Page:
China is resuming visa processing for foreigners from dozens of countries, but only if they have been inoculated against Covid-19 with a Chinese-made vaccine.
The move has raised questions about the motivations behind the demand, given China’s vaccines are not approved in many of the countries to which it has opened travel and that it will not accept foreign vaccines made elsewhere, including those approved by the World Health Organization.
Beijing had largely banned non-essential travel into China during the pandemic. Resumption of travel is a key driver for economic recovery and many countries are discussing carefully negotiated bubbles, or mutually recognised vaccination passports, as they implement domestic vaccine rollouts.
The announcements made by Chinese embassies in about 20 countries this week vary slightly for each country but mostly pledge a return to pre-pandemic visa processing for some groups, so as to resume “people-to-people exchanges in an orderly manner”.
So far it is open to foreigners from places including Hong Kong, the US, the UK, India, Australia, Iraq, Thailand, Croatia, Israel, Pakistan and the Philippines. Any prospective entrants must have taken either the full two-dose course of a vaccine, or a single dose vaccine at least 14 days before travelling, but the vaccine must be one of China’s domestically produced shots. Negative Covid tests and quarantine rules still apply.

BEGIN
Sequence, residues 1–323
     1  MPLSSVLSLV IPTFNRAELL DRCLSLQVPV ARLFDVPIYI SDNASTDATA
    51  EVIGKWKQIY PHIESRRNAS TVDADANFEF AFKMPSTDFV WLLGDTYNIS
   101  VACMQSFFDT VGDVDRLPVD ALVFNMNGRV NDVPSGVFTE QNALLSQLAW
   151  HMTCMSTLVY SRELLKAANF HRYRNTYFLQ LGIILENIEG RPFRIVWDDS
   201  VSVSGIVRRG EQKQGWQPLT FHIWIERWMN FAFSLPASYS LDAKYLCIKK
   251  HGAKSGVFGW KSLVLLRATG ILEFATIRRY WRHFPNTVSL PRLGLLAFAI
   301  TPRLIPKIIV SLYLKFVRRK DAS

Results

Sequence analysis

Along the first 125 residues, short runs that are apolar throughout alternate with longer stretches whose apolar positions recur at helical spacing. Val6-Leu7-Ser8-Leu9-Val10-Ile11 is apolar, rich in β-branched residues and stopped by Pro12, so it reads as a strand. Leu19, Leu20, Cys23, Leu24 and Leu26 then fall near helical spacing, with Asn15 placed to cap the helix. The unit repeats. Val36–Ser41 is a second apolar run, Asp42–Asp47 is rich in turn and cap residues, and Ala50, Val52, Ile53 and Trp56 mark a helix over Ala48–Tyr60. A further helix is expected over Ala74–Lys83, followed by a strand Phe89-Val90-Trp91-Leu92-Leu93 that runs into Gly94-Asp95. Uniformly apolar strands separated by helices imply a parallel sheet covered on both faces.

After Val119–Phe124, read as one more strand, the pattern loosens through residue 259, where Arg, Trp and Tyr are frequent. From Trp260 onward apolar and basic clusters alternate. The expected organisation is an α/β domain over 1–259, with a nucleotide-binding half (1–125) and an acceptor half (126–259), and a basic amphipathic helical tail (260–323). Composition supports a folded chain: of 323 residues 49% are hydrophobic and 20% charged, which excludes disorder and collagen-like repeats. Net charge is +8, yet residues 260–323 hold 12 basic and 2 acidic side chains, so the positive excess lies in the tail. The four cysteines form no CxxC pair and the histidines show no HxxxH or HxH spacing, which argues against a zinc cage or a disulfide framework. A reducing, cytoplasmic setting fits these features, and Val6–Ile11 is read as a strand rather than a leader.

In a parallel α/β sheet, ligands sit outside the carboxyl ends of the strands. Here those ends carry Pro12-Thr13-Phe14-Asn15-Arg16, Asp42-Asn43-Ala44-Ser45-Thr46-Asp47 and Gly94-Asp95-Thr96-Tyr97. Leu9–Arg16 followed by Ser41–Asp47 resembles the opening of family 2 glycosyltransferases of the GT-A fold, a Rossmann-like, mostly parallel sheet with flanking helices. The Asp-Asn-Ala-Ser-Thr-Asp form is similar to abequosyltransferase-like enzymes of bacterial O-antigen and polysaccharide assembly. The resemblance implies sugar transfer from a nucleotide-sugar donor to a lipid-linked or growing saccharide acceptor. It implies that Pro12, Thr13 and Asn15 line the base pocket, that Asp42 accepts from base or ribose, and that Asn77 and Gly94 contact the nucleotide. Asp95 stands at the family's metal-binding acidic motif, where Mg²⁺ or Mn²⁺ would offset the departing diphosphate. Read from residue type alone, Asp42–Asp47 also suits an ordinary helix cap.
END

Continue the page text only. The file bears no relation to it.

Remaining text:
China first announced changes to visa processes for foreigners in Hong Kong, where China’s Sinovac is one of the vaccines already being administered to the public. Chinese vaccines have also been approved for use in the Philippines, Thailand and Iraq, but in several other countries to which China has offered the travel option, there is no Chinese vaccine available.
That meant people in Australia, for instance, who can only receive an approved vaccine, prescribed by a medical practitioner were excluded from China’s offer by default.
China now has five vaccines approved for either general or emergency use, including three that are also being distributed to other countries either through trade or aid. The push to supply internationally has been labelled a “vaccine diplomacy” campaign to boost China’s place as a global health contributor, with take-up mostly in Asia, Africa and South America.
In a press briefing on Tuesday, 16 March, Zhao Lijian, the ministry of foreign affairs spokesperson, denied the rule was designed to push other countries to recognise China’s vaccines.
“Our proposal is made after thoroughly considering the safety and efficacy of Chinese vaccines, this is an arrangement made by the Chinese side unilaterally. It is a different thing from vaccine recognition,” Zhao said.